-How convenient do you want the transfer of files to the frame be? Wireless/cloud, or physical, through memory sticks and cards?
-What is the amount of memory integrated within the frame?
-Type of the frame’s screen – LCD or OLED – the wider the viewing angle the better will it serve as a worthy substitute for a traditional frame. Therefore, you should always look for an IPS or OLED type screens. Of course, those will be more expensive.
-How wide should the edge of the frame’s screen be? Monitors and smartphones already have very narrow edges, so the bulk of the surface area is filled with an active screen. The same standard should apply to digital frames as well.
-What is the overall design of the frame? Is it so elegant and subtle that it can be mistaken for a traditional picture frame at a glance?
All of these factors will determine the price and quality of the digital frame.
With that being said, here are some of the most cost-effective, digital frame options.
Just under $100, the NIX Advance 8” digital frame far exceeds the boundaries of a standard digital frame.
Offering IPS screen at 1024×768 resolution, which gives you a superior viewing angle, it has the ability to playback standard MPEG-4 video files, in addition to JPEG photos. And both types of media can be cycled within the same slideshow.
It also has a convenient clock and calendar/reminder function, along with stereo speakers.
One neat trick that elevates NIX Advance above most other digital frames is the motion sensor. It will turn on when anyone enters the room and will turn off when there is no motion detected after a while. Not only does this save electricity, but it also greatly prolongs the longevity of the screen.
It can be customized to a great extent as well. Not just the picture and slideshow settings, but you can set the timing of the motion sensor, or not use it at all, as you can simply set the time-range of the screen being active. For example, you can set it to automatically turn on at 8AM, and it turn off at 10PM.
The sizes go all the way up to 15”, and it even comes with a remote to further increase the convenience factor. Although, once you set it up, you will hardly need to use it.
Twice the price of the NIX Advance, the 10” Pix-Star frame offers ultimate in connectivity. Either through Android or iOS apps, or through a variety of online cloud services like Dropbox, Smugmug, Shutterfly, FlickR, OneDrive, Photobucket, and many others, you can set it up through the 3G or WiFi network.
It comes with 4GB of integrated memory, which is sufficient for about 20,000 JPG pictures. And if that is not enough, it can be further expanded with USB stick, or SDHC/SDXC memory cards.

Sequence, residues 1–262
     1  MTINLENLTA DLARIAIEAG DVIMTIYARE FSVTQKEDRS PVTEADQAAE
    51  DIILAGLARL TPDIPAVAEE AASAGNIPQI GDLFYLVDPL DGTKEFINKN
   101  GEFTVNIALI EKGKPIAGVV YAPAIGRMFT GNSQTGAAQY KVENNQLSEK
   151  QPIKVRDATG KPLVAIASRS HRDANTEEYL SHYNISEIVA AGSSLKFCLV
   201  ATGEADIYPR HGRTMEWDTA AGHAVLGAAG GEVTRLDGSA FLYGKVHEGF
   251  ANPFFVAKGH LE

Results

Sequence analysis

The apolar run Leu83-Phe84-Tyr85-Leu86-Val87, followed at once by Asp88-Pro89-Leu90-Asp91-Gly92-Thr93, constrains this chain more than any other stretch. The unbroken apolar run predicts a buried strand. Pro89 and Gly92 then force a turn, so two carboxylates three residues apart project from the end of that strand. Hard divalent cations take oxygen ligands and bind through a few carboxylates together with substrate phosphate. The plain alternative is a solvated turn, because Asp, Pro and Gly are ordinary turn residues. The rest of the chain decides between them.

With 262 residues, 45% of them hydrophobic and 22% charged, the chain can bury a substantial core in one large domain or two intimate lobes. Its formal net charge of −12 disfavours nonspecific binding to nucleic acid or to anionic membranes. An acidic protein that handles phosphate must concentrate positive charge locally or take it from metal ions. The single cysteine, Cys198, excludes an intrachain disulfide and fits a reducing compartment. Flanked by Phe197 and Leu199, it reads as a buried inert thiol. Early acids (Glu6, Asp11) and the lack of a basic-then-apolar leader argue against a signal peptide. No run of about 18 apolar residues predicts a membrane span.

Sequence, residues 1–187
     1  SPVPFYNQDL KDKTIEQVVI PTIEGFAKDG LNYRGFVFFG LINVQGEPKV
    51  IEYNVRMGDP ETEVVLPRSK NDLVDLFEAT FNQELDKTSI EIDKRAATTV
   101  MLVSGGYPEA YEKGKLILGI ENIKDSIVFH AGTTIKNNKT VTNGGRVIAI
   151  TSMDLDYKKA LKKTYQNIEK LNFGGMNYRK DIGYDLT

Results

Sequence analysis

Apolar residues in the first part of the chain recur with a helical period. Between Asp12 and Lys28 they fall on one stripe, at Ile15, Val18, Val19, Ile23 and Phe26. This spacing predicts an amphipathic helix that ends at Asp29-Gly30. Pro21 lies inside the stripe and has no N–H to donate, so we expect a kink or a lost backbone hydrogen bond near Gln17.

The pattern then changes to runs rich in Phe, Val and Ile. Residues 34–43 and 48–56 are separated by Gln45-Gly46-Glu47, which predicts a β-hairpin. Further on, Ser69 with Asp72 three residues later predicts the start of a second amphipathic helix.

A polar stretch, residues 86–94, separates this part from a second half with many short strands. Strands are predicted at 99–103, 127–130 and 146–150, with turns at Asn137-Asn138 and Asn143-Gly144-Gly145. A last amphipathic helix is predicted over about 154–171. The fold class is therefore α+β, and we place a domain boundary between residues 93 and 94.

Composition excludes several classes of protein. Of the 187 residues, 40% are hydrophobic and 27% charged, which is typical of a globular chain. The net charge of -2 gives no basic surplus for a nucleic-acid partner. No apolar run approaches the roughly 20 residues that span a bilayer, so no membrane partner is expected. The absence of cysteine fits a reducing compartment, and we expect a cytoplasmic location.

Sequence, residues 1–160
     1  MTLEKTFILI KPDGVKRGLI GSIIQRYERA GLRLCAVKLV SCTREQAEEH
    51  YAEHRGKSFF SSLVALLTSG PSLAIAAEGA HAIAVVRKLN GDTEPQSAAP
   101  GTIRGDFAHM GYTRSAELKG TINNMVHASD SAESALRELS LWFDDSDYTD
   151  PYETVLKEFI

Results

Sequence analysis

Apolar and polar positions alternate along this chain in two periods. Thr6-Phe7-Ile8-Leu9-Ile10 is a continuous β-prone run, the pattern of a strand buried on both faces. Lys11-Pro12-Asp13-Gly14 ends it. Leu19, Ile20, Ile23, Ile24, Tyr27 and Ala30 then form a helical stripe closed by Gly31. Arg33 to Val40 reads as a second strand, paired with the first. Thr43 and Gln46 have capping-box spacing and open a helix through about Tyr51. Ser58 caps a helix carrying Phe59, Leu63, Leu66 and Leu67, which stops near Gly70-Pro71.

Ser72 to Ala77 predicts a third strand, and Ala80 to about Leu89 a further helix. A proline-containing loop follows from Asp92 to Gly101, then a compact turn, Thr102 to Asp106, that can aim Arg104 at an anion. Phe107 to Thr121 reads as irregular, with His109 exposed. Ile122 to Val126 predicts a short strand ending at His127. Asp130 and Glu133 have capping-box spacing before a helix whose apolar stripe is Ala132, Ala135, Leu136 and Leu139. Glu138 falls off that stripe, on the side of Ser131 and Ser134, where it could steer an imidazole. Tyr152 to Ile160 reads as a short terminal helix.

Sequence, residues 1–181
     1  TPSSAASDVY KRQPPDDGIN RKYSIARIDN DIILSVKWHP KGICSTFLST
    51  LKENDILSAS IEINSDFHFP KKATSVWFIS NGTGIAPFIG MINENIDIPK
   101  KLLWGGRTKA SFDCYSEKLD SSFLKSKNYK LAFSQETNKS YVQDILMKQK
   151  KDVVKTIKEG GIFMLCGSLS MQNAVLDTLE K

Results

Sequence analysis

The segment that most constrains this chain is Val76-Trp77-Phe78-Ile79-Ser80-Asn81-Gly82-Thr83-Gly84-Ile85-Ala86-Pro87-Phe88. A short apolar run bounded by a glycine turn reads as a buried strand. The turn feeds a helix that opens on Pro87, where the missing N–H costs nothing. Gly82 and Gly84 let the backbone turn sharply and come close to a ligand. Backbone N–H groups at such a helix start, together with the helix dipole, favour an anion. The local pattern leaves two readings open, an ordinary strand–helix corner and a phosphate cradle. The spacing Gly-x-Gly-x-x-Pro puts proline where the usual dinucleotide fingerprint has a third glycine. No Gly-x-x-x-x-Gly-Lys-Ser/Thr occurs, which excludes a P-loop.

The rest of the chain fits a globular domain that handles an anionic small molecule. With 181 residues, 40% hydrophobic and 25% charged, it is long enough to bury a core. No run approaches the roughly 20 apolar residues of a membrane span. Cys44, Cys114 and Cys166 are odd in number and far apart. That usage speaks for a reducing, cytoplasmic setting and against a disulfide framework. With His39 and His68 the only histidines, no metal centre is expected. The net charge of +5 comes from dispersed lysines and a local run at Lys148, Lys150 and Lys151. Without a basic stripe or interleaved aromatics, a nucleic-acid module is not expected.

Its slideshow customization is quite comprehensive with transition types, sorting orders, and play modes.
Unfortunately, the maximum resolution is at 800×600 pixels, but larger ones offer higher resolutions.
Good to know is that it also comes with a motion sensor, and it even has a VESA feature for wall-mounting.
About the same price as the 10” Pix-Star, the 10” Nixplay Seed offers the same wireless connectivity and cloud support, but with a higher resolution at 1024×768 within an excellent IPS screen.
Furthermore, it doubles the amount of integrated memory at 8GB, while also extending it with 10GB of free online storage.
With that amount of memory at your disposal, you can safely upload it with uncompressed PNG and BMP images. It goes without saying that it offers full range of customizability: clock, calendar, photo transitions, captions, sorting for slideshows, etc.
Video playback is not present, but it does have a motion sensor and an intuitive remote that even a non-tech savvy elderly person can use with ease.
You can setup playlists on your Android or iPhone up and simply upload it to the frame.
A refreshing novelty of Nixplay Seed is that its back does not look like your standard monitor back, but is instead composed of a very stylized and monolithic, honeycombed surface.
One nifty feature we have not yet seen is that its cord is constructed in such a way that it serves as an effective stand.
If you are not missing the video playback feature, Nixplay Seed is definitely the top of the line digital frames. All you have to decide is the size. Of course, the larger ones (13.3” is the largest) are more expensive.